I had just finished discussing the oral health of a patient who was new to my practice when she asked me “why hasn’t anyone ever shown me or discussed things like this with me before?”  She proceeded to tell me of all the wonderful Dentists she’s seen, people who she respected and liked.   She was amazed at the level of detail, the photographs, the analysis and the time I took to discuss all of it with her. Her comment took me a little off guard and after she left I started thinking of WHY I do things that many other dentist don’t.

I won’t even discuss the issue of Insurance and why it is ruining health care by promoting “sick care” and devaluing Doctors’ time and communication time. That’s a whole other blog!

Have you heard of the 80/20 rule? It’s applicable in many areas and I think it applies to Dentistry as well. 80% of people have fairly routine dental issues like decay and gum disease.  20% however, have more complex issues such as bite issues and systemic interactions. Because of my training and teaching experience, I see these issues when others may not.   Most Dentists treat everyone like the 80% because that’s how they’re taught in Dental School. I look at everyone like the 20% first, and if they’re lucky to be in the 80%, great for them and it makes my job of helping them stay healthy, easier.

Is the 80/20 rule WRONG?

But I’m seeing a lot more people with bite and systemic issues than I ever have. Could the 80/20 rule be wrong? Could it be that most Dentists just aren’t seeing these problems? I think that’s certainly possible because in my Practice, more than 50% of people have some form of complex issues.   It’s up to you to make sure you find someone who looks for ALL the problems.

For example, sensitive teeth are a common problem and complaint. I know it’s common because every toothpaste manufacturer produces a “sensitive” version. They do it because it sells and it sells because it fills a need. So why are people’s teeth sensitive? The toothpastes work but they treat the symptom and not the cause.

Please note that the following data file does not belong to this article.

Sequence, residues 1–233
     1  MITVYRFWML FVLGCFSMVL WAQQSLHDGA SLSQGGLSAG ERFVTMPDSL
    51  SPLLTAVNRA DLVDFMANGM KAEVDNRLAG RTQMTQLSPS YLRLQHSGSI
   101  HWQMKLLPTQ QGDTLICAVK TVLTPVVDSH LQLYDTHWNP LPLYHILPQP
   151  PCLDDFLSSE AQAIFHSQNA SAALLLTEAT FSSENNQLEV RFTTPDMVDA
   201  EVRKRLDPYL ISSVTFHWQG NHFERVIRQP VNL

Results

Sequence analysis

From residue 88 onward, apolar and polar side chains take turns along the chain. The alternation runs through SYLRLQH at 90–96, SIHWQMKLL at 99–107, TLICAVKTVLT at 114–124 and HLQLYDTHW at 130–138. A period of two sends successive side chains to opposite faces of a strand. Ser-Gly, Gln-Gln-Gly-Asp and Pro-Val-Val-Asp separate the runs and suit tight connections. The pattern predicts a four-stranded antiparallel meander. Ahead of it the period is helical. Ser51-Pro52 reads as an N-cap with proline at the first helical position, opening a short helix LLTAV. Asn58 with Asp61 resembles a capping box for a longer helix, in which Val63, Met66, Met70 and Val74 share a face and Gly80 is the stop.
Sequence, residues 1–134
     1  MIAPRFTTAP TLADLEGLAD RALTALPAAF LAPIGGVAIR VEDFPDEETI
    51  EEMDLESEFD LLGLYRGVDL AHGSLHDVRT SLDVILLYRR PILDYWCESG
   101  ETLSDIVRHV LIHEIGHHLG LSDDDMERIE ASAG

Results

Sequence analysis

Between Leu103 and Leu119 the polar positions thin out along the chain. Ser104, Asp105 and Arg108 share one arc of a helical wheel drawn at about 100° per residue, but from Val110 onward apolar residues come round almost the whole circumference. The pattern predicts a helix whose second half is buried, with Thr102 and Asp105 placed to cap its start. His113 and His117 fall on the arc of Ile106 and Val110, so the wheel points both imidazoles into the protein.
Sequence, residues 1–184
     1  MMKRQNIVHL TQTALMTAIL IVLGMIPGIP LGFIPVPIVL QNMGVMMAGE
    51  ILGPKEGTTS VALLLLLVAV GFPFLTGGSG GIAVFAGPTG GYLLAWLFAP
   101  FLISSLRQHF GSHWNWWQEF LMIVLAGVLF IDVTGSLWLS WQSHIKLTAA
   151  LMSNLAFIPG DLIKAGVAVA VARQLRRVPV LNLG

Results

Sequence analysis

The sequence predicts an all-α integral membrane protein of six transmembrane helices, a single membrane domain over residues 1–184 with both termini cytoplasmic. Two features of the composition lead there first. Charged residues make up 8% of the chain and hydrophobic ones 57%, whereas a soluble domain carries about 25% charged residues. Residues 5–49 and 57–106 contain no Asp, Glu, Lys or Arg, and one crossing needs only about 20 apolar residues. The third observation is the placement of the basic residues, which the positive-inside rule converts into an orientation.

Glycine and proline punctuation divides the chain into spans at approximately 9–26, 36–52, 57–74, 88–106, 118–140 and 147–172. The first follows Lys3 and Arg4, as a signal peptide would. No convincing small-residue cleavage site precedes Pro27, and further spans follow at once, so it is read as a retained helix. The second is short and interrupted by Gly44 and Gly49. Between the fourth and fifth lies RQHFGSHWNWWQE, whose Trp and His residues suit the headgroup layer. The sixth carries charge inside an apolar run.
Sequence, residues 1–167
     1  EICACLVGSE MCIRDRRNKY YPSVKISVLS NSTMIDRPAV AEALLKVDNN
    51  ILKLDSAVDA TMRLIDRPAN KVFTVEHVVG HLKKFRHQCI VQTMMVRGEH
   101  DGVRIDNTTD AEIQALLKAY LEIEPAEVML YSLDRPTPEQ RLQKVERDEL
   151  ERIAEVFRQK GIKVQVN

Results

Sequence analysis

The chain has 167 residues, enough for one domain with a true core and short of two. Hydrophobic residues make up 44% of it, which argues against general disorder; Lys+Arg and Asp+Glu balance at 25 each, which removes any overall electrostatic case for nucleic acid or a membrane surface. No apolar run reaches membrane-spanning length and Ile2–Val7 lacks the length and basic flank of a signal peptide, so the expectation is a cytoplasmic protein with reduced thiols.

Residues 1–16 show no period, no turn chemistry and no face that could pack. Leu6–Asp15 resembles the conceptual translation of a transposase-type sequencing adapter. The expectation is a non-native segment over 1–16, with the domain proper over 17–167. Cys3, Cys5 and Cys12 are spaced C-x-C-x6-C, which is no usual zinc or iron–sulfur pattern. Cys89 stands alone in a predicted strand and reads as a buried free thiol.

What’s the cause of sensitive teeth?

The 2 most common, non-decay causes are stress and acid erosion.

Stress such as from clenching and grinding can cause teeth to become sensitive. Stress can also cause gums to recede, exposing root surfaces with are porous and can transmit signals to the tooth’s nerve.

What causes clenching and grinding? That can be very complicated.

It could be sinus issues. That’s right, those allergies and sinus problems you may have can be contributing to your clenching/grinding. How?  Your body wants to equalize the pressures in your sinus and one way of doing it is by pushing up on the sinuses as by clenching.

It can also be airway problems, like those that contribute to snoring and sleep apnea. If you snore, you might also be experiencing some level of sleep apnea. This is a very serious issue as it effects your whole body, depriving it of enough oxygenation.

WOW, it’s complicated isn’t it? Does your dentist have the training to see if these things are going on in your mouth? Does he see the 20% or just the 80%?

I don’t know about you but I want someone who sees close to 100%


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